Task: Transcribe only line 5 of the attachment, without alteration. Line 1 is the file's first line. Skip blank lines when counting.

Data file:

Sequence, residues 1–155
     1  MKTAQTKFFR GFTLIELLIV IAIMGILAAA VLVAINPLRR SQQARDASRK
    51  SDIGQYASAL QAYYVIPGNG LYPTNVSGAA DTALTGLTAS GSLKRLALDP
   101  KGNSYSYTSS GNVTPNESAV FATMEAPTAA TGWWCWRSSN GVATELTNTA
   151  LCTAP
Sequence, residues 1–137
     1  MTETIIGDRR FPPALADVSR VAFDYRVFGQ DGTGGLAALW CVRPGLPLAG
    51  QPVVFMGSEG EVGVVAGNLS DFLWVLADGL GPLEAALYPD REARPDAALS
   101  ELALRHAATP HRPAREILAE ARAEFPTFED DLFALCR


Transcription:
   151  LCTAP